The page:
MELAS, a common mitochondrial disease associated with a m!3243A>G mutation in the tRNALeu(UUR) gene of the mitochondrial DNA, is characterized by strokes, lactic acidosis, cerebral infarction and edema. The pathogenesis of strokes and edema in MELAS is not understood. Without a proper understanding of the pathophysiology, it has not been possible to devise rational therapies for this devastating disease. Our hypothesis is that mitochondrial dysfunction in the cortical blood vessels causes a breakdown of the blood-brain barrier (BBB) leading to strokes and associated edema. We have successfully constructed a working in vitro model of a normal and MELAS BBB. We propose to study the function of the BBB in MELAS in this model. Specifically, we will analyze tight junction proteins that regulate BBB permeability, water channels, and lactate transporters and correlate our results with respiratory chain function. These in vitro studies at the cellular level will be extended to MELAS brain sections to compare and confirm our findings at the tissue level. Therapeutic management of MELAS is anecdotal and generally ineffective. Our in vitro model is a dynamic system that can be manipulated to test various BBB protective drugs, which can restore barrier function and thus can be useful therapeutic agents for strokes, lactic acidosis, and associated edema. We will use this model to test the effect of steroids in regulating water channels and of glycerphosphoinositol and interferon-b-1a in modulating the inflammatory process after strokes. First, these studies will provide insight into the physiology of the BBB. Secondly, they will reveal changes in vascular permeability in MELAS due to mitochondrial dysfunction and energy shortage. Third, the culture model will allow us to evaluate the sequence of events leading to the increase in permeability. Finally, the in vitro model provides a flexible system to test the therapeutic value of drugs to be used this devastating illness.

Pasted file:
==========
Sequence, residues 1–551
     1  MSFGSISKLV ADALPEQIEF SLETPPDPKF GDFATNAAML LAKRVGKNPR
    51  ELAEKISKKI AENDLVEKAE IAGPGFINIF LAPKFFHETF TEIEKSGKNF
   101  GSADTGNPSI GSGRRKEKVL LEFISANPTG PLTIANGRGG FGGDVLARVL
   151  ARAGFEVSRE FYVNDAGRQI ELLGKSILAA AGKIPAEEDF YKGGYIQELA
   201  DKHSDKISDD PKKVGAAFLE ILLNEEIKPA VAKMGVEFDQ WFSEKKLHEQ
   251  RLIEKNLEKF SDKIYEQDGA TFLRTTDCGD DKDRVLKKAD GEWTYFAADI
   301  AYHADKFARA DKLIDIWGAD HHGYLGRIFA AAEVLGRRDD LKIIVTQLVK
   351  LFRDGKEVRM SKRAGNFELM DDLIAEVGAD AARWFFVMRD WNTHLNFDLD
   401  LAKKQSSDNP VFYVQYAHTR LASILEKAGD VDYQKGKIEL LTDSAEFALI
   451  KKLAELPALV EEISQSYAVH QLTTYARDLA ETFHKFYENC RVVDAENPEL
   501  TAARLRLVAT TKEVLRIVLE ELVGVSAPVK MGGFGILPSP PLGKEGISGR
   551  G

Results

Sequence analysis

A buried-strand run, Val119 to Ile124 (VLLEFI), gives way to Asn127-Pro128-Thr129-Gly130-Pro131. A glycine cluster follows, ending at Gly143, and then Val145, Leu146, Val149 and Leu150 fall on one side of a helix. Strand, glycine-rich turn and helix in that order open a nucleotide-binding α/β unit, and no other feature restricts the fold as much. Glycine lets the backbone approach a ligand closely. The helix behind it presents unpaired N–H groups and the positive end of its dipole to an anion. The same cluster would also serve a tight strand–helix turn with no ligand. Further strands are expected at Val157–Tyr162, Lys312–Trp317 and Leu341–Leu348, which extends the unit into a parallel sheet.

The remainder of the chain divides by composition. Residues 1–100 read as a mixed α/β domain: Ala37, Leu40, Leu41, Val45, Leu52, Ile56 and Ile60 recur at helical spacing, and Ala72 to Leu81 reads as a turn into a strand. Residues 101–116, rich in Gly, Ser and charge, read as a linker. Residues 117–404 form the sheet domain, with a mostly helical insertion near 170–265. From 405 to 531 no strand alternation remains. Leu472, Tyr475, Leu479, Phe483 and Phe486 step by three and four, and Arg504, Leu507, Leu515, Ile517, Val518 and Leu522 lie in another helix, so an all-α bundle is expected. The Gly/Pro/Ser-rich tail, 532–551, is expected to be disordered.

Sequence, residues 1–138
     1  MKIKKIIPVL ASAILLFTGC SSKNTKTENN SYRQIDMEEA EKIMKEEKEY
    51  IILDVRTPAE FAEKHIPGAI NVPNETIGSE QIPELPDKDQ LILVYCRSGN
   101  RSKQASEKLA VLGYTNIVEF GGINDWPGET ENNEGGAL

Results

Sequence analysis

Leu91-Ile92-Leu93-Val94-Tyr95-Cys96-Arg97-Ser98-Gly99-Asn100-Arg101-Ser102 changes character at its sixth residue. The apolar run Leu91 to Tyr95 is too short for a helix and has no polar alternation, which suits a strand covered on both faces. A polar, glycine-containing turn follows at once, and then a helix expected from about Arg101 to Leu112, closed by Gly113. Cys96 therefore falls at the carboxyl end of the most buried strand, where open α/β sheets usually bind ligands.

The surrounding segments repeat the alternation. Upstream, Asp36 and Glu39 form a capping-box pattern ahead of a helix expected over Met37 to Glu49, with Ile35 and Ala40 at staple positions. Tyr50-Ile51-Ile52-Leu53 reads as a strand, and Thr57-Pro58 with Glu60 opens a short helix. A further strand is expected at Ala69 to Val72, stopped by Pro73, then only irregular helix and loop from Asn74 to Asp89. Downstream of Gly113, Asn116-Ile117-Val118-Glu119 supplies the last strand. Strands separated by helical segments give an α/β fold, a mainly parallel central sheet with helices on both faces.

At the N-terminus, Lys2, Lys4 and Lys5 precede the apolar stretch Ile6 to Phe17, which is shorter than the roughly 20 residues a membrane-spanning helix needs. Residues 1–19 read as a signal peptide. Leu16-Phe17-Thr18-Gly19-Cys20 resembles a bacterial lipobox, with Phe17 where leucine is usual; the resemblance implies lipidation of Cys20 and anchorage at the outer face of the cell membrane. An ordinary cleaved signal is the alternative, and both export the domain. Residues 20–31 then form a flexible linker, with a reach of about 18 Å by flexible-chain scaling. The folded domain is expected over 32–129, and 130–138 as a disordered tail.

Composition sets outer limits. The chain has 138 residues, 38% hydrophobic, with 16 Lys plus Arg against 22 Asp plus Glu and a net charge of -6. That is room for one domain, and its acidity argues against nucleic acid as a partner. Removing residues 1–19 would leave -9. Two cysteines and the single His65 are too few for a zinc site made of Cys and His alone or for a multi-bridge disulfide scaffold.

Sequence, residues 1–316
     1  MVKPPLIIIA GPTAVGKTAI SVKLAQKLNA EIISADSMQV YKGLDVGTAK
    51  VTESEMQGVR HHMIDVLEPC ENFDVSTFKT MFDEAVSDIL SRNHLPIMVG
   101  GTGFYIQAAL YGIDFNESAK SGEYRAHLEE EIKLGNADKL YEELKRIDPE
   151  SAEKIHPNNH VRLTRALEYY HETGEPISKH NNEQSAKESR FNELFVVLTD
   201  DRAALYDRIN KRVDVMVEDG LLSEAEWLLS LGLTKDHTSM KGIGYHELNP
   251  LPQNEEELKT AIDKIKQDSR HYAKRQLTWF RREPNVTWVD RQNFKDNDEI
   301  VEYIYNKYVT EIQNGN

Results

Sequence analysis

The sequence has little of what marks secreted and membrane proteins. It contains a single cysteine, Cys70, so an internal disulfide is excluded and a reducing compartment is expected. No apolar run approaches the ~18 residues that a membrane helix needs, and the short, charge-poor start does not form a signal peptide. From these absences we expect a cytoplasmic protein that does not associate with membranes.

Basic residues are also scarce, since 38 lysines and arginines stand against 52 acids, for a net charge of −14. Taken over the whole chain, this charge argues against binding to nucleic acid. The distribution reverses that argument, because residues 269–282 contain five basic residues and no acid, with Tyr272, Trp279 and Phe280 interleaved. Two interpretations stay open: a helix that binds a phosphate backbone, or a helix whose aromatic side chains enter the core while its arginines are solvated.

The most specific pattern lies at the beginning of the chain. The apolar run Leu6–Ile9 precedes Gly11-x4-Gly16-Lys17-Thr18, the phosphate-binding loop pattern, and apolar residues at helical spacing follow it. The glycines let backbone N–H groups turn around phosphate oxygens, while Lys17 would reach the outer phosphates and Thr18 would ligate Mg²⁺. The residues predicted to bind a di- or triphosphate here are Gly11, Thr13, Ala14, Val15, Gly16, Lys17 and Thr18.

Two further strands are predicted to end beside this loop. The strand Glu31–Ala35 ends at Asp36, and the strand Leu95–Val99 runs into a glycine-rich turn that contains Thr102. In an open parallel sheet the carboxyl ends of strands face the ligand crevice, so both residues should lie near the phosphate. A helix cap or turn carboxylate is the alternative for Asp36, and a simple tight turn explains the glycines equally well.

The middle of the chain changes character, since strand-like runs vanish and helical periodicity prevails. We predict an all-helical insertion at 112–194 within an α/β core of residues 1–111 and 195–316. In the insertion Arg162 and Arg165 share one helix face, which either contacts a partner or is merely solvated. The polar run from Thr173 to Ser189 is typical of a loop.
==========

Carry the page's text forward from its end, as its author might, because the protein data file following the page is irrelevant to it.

This proposal is a follow-up to the funded proposal ending 11-30-09, during which the in vitro BBB system was developed and characterized. It is very relevant to this Program project application, whose emphasis is on therapeutic approaches to mitochondrial diseases, especially MELAS. The results of this project may be directly translated from bench to bedside.
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